United Way still looking for donations 02.16.2011

Written by David Green.

With donations lagging, the campaign season for the Lenawee United Way is extended through February.

Late last month, the agency’s goal of $900,000 was only 80 percent complete and United Way directors were expecting a shortfall of $150,000. Last year’s collection reached $834,000, which stood as the smallest in many years. Much of the loss is attributed to a decrease in the county’s manufacturing base.

Campaign chair Jim Kapnick urges Lenawee residents to give $52 (representing a dollar a week). Those who have already donated are asked to give an additional $52.

The shortfall in donations will result in a reduction to the United Way’s funded program, such as the Boys and Girls Club and the Red Cross, as well as to programs in local communities.

One in three county residents received service from funded programs during the past two years.

“It does affect your people locally,” Kapnick said at a recent Morenci Area Chamber of Commerce meeting.

He said 922 people with Morenci addresses were served in 2010.

United Way focuses on three areas:

• Basic needs—clothing, household needs, homeless prevention, etc.

• Self-sufficiency—job training, mentoring, child care to allow schooling and job seeking, etc.

• Healthy life—health and dental care for uninsured and underinsured, support for adults with disabilities, mental health counseling for the economically disadvantaged, etc.

The need for services increased in 2010, Kapnick said, and this year is expected to be worse.

Donations may be directed to a specific program, but United Way takes seven percent of the pledge for general use.

“The funds that the United Way collects do change people’s lives,” Kapnick said.

• To make a donation, call 517/263-4696 or donate on-line at www.lenaweeunitedway.org.

  • Front.F.school
    PROGRESS continues on the agriculture classroom addition at Fayette High School. The project will add 2,900 square feet of space and include an overhead door that would allow equipment to be driven inside. The building should be ready for the start of school in August. Work on ball fields and a running track is also underway.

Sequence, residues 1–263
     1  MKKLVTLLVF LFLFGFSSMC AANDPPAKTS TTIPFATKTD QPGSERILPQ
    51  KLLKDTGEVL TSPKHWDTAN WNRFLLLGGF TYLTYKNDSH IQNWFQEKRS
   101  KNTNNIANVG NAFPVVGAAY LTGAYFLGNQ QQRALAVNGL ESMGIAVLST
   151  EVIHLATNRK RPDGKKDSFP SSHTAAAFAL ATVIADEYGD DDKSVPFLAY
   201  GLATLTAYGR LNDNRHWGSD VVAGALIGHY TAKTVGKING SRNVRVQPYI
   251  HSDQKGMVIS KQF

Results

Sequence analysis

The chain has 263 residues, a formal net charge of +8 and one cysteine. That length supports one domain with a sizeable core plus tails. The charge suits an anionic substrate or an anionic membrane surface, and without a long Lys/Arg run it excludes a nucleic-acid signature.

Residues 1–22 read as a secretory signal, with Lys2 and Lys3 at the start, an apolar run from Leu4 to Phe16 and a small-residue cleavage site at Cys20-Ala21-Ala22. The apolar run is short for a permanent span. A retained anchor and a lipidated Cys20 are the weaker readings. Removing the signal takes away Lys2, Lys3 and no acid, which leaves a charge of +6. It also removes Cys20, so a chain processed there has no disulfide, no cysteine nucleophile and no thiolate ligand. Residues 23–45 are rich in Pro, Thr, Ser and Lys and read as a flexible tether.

• Front.rover
    CLEARING THE WAY—Road crossings in the area on the construction route of the Rover natural gas pipeline are marked with poles and flags as preliminary work nears. Ditches and field entry points are covered with thick planks in many areas to support equipment for tree clearing operations. Actual pipeline construction is progressing across Ohio toward a collecting station near Defiance. That segment of the project is expected to wrap up in July. The 42-inch line through Michigan and into Ontario is scheduled for completion in November. The line is projected to transport 3.25 billion cubic feet of natural gas every day.
  • Front.geese
    ON THE MOVE—Six goslings head out on manuevers with their parents in an area lake. Baby waterfowl are showing up in lakes and ponds throughout the area.
  • Accident
    FAYETTE resident Patricia Stambaugh, 64, was declared dead on the scene of a single-vehicle accident Friday morning south of Morenci. Rescue units were called around 9 a.m., but as of Tuesday, law enforcement officers had not yet determined the time of the accident. According to Ohio State Highway Patrol, Stambaugh was driving west on U.S. 20 when her Chevrolet Malibu traveled off the north side of the road and down a steep embankment, coming to rest in Bean Creek (Tiffin River).
  • Front.teacher Leading
    PRESCHOOL MUSIC—Fayette band director Jeffrey Dunford spends the last half hour of the day leading the full-day preschool class in musical activities. Additional photos are on page 7 of this week’s Observer.
  • Front.poles
    MOVING EAST—Utility workers continue their slow progress east along U.S. 20 south of Morenci. New electrical poles are put in place before wiring is moved into place.
  • Face Paint
    FUN NIGHT FUN—Savanna Miles sits patiently while Abbie White works on a face paint design Friday during the Morenci PTO Fun Night. Gracie Snead watches the progress after having spent time in the chair. Abbie was one of several volunteer painters, each creating their own unique look. Additional photos are on the back page of this week’s Observer.

Weekly newspaper serving SE Michigan and NW Ohio - State Line Observer ©2006-2017